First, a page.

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DRUG INDUSTRY R&D TAX CREDITS EYED BY REP. STARK IN LIGHT OF VACCINE PRICE HIKES

Executive Summary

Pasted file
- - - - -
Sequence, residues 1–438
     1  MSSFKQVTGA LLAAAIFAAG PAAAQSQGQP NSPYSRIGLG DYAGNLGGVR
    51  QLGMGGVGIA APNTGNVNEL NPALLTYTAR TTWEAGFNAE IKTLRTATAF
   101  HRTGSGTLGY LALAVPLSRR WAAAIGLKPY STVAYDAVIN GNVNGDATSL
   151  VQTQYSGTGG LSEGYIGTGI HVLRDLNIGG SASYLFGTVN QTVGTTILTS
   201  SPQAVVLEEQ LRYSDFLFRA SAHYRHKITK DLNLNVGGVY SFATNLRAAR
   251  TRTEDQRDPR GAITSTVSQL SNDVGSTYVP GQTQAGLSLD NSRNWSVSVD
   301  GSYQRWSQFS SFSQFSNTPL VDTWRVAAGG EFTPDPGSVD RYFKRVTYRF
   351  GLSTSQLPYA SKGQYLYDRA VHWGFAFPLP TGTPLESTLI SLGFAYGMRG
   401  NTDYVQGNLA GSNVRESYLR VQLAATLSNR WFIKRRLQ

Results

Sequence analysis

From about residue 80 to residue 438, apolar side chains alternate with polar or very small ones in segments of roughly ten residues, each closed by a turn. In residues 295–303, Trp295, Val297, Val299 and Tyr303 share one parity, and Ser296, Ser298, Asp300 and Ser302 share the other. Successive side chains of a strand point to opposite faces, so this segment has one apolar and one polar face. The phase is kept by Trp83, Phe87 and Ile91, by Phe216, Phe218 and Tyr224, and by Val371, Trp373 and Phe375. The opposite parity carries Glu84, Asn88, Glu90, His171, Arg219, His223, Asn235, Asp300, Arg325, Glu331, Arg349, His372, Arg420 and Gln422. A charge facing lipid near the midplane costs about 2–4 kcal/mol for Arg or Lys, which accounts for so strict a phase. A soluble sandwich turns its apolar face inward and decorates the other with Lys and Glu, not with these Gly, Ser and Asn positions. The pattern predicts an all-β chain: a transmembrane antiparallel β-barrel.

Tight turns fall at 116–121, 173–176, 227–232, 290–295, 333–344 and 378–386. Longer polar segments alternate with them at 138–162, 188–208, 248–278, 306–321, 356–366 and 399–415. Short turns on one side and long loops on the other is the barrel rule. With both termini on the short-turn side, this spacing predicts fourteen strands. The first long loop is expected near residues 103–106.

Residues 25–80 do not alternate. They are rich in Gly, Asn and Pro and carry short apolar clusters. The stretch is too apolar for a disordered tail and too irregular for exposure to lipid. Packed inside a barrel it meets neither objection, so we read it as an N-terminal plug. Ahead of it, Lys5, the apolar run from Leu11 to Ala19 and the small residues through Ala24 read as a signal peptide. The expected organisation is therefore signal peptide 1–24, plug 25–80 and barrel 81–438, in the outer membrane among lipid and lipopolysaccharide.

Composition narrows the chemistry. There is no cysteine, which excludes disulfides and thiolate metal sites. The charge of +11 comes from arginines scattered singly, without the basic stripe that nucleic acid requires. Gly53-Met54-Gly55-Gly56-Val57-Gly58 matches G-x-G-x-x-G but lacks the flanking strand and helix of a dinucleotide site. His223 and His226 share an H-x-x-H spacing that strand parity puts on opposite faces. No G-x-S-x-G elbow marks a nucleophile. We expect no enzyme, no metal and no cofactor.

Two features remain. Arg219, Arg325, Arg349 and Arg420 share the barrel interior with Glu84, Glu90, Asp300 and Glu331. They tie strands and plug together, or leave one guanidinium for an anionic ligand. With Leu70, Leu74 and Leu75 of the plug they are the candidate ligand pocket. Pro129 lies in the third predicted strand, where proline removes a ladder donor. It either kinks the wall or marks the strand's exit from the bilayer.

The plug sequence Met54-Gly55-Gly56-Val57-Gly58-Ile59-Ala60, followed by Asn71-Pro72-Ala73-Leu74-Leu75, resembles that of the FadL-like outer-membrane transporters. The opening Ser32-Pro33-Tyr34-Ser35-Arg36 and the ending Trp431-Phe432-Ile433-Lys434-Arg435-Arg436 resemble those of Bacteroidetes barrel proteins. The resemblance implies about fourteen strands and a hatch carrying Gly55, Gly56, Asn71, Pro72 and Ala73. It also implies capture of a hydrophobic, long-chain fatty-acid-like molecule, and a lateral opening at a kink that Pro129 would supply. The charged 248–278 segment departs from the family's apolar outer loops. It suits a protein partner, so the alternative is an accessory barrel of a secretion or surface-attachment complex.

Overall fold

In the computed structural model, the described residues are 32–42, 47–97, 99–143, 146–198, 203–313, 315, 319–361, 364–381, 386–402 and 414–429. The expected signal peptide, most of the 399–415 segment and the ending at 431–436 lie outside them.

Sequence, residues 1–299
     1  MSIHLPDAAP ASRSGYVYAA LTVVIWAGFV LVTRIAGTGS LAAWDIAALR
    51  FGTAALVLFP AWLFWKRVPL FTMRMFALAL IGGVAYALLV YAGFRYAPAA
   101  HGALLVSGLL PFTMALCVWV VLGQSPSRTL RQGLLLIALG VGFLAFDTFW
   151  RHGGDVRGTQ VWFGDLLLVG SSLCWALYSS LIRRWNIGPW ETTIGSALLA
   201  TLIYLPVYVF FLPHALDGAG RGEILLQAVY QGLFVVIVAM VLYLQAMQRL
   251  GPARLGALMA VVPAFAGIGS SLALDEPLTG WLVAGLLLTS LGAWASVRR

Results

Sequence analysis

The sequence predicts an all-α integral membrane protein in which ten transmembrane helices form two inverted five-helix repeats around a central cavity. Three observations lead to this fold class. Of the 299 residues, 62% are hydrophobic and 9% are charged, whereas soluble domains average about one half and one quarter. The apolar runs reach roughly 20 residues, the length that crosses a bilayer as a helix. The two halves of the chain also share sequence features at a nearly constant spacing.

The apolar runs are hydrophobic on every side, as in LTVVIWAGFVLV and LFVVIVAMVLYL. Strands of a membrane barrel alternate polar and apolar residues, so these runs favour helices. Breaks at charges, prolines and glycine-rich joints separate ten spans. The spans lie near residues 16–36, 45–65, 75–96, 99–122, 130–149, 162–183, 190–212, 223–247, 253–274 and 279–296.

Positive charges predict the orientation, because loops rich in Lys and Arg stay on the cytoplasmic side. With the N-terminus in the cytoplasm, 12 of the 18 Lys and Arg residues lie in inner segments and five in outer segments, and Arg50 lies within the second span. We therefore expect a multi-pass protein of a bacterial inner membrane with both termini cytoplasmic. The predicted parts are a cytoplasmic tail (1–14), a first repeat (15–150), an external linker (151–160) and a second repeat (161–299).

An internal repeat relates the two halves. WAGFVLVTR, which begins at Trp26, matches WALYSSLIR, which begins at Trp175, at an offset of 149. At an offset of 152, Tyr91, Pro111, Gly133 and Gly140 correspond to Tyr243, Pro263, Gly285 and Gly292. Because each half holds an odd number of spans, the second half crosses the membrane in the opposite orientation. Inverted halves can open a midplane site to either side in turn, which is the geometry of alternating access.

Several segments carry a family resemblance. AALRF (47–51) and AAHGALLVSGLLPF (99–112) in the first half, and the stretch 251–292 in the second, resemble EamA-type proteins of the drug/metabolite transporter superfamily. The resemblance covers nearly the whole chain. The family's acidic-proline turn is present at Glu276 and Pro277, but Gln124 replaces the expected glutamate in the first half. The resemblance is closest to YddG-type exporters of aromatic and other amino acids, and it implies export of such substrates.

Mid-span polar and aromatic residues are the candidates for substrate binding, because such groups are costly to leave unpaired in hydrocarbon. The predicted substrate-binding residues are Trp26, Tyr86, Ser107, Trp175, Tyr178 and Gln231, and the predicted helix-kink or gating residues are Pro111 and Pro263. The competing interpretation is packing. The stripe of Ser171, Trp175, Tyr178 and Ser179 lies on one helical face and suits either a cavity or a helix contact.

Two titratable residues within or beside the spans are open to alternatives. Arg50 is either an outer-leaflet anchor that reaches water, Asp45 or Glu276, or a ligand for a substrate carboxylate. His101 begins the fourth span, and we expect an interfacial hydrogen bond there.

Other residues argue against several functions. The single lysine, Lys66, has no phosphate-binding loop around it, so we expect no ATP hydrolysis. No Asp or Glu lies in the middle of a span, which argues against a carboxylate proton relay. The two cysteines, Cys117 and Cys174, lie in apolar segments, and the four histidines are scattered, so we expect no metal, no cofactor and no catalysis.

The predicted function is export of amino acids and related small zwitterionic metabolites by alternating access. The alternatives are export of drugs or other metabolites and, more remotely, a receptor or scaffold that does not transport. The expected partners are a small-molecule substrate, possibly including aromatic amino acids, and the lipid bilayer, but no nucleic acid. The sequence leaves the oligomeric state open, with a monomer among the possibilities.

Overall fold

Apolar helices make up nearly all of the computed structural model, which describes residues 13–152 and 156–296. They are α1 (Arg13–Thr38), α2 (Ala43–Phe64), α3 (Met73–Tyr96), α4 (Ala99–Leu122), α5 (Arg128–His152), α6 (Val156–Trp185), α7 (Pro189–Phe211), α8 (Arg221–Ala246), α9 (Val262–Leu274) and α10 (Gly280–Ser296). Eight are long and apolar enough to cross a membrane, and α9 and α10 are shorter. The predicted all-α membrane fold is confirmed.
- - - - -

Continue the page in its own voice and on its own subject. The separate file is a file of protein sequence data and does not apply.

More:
Vaccine price increases are leading House Ways & Means/Health Subcommittee Chairman Stark (D-Calif.) to "question" the need for manufacturer R&D tax credits, according to subcommittee staffers. In a Jan. 9 press release, the California Democrat observed that diphtheria-pertussis-tetanus (DPT) vaccine prices have increased 6,950% during the last decade. He also pointed out that the price of the measles-mumps-rubella (MMR) vaccine has also increased significantly. Stark's press release notes that a DPT vaccination that cost 12 in 1980 now costs $8.46, while the cost of an MMR vaccination has jumped from $2.71 in 1980 to $16.18. However, some of that price increase was created by Congress, which in 1986 enacted a federally insured childhood vaccine injury program. A tax collected on each marketed vaccine dose goes into a trust fund for compensating children injured by adverse reactions to the vaccine products. "The profits made by the pharmaceutical companies on these vaccines are not public knowledge, [so] we do not know, and cannot know, whether the companies are making a respectable and conscionable profit or an outrageous and irresponsible profit," Stark said. "Before Congress extends tax breaks again in September for the drug manufacturers, we should get an explanation of this insane price inflation and a commitment to work together for better health for all Americans." Congress extended R&D tax credits through September 1990 in the Omnibus Budget Reconciliation Act of 1989, signed into law Dec. 19. The credits likely will be considered again this year during the budget reconciliation process. Staffers said that Stark has not yet approached either industry or federal agencies about the vaccine price issue. * Last spring, Stark wrote a "Dear Colleague" letter to counter drug industry lobbying for the tax credit. He contended that "an industry whose net profit margin is consistently twice that of industry as a whole" should not be subsidized through tax credits ("The Pink Sheet" April 10, p. 12). "Even if you don't have children, you are paying for this inflation through your taxes," Stark continued. "We are all paying through tax breaks for the pharmaceutical companies, through support of public clinics overburdened with families unable to afford the price of the vaccines, and by taxes to pay for sick children too poor to afford insurance." He noted that there have been increases in cases of mumps, measles and rubella because some parents cannot afford to have their children vaccinated.

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